Historical Background and Naming
Courtesy of: The Australian Platypus Conservancy
The Fossil Record Return to Platypus Page
Based on a fragment of lower jaw found in opal deposits at Lightning Ridge in New South Wales, a type of ancestral platypus (Steropodon galmani) existed alongside the dinosaurs about 110 million years ago.
In 1991, a fossil tooth belonging to a different kind of ancient platypus (originally described as Monotrematum sudamericanum but now probably regarded as another Obdurodon species) was discovered in the Patagonian desert of Argentina.
The tooth was found in sediments deposited over 60 million years ago, at the time when Australia and South America were still joined as part of the southern supercontinent Gondwana.
Fossils belonging to three other extinct platypus species (Obdurodon insignis, Obdurodon dicksoni, and Obdurodon sp. A) have been found in Australian sediments deposited between 25 and 15 million years ago, while a leg bone from the first close relative of the modern platypus (Ornithorhynchus sp.) has been dated to about 4.5 million years ago.
The earliest known remains of the platypus in its current form (Ornithorhynchus anatinus) date back to around 100,000 years ago.
The platypus is sometimes described as a "living fossil" because of this ancient lineage and its combination of mammalian and reptilian features.
Aboriginal legend Return to Platypus Page
According to Aboriginal legend, the first platypus were born after a young female duck mated with a lonely and persuasive water-rat.
The duck's offspring had their mother's bill and webbed feet and their father's four legs and handsome brown fur.
Scientific recognition Return to Platypus Page
In 1799, the platypus was first described by a British scientist, Dr George Shaw.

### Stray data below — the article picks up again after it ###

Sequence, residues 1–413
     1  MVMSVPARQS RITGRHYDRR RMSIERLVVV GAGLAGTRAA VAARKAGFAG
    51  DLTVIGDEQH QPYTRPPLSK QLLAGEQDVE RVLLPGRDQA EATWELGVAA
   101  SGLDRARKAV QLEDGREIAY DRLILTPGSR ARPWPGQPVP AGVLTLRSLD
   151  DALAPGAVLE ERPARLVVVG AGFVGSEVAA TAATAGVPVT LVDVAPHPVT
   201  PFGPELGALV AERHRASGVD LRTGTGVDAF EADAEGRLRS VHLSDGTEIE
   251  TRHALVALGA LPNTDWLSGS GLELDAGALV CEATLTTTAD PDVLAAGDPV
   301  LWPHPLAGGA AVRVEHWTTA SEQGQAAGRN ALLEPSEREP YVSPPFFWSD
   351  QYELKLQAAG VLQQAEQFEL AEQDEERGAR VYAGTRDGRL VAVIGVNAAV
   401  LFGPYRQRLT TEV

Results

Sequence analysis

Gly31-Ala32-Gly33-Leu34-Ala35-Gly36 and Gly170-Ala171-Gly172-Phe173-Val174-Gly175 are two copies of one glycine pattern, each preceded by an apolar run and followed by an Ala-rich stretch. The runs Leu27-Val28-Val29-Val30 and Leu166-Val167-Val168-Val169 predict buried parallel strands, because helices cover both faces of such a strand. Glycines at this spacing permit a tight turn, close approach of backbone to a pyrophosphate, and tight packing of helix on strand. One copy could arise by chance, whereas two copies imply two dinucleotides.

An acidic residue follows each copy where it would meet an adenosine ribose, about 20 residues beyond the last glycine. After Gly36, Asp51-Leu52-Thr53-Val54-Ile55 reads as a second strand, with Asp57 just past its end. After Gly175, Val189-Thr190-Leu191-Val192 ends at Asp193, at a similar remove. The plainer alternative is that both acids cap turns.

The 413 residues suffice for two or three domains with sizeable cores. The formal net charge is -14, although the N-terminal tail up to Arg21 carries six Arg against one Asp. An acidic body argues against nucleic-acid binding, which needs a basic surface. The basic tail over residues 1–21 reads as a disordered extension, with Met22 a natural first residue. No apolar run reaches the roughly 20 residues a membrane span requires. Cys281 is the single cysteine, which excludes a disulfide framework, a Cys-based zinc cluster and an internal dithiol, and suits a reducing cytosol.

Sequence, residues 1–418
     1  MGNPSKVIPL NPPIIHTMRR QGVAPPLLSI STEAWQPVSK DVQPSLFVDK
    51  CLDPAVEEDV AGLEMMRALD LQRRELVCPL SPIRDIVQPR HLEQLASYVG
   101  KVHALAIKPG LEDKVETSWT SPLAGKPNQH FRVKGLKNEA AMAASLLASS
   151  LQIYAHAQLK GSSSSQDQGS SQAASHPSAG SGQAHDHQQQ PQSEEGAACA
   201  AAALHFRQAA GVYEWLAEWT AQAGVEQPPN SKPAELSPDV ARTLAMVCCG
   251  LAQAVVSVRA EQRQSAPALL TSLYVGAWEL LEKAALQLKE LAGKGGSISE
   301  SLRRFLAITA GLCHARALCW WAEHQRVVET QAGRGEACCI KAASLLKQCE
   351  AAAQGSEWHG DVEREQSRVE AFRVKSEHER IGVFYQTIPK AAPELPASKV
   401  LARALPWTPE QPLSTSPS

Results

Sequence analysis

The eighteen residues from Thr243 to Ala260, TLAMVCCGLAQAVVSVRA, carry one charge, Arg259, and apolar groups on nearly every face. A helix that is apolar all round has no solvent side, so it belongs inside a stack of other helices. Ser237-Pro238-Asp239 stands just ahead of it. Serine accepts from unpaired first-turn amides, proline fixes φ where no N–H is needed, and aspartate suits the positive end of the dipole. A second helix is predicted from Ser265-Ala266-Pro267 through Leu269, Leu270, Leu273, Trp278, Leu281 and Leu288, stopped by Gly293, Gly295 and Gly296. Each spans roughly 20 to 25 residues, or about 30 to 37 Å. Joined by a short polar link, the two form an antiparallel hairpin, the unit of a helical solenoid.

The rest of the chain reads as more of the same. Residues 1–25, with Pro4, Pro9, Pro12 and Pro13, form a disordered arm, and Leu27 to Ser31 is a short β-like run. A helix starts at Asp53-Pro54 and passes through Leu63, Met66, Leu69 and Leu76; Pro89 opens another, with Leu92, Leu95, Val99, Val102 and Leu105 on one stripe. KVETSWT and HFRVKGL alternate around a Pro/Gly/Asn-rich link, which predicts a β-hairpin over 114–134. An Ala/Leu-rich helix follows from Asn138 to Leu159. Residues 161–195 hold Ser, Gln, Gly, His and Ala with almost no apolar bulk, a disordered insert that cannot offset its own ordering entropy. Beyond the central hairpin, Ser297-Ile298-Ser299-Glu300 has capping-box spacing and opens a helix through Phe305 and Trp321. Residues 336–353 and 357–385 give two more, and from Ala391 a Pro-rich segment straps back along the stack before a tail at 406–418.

His initial reaction to this original specimen was that it was an elaborate hoax.
He even took a pair of scissors to the pelt, expecting to find stitches attaching the bill to the skin.
Platypus names Return to Platypus Page
Early British colonists in Australia called the platypus a "water mole". Prior to the arrival of European settlers, Aboriginal people had many different names for the animal, including "boondaburra", "mallingong" and "tambreet".
Dr Shaw, in his scientific description of 1799, gave the name Platypus anatinus, from Greek and Latin words meaning "flat-footed, duck-like". However, when it became known that Platypus had already been used to name a group of beetles, a new term had to be adopted. The official scientific name became and remains Ornithorhynchus anatinus, with the first word meaning "bird-like snout".
Although the name "duckbill" was widely used as a popular description for the animal, the abandoned scientific name "platypus" gradually became the accepted common name for the species.
The preferred plural of platypus is either "platypus" or "platypuses", depending on which dictionary you consult. (We use the former for the sake of simplicity.) The term "platypi" is no longer considered to be valid.
There is no accepted term - equivalent to pup or cub - to describe a baby platypus. One possible name recently suggested is a "platapup"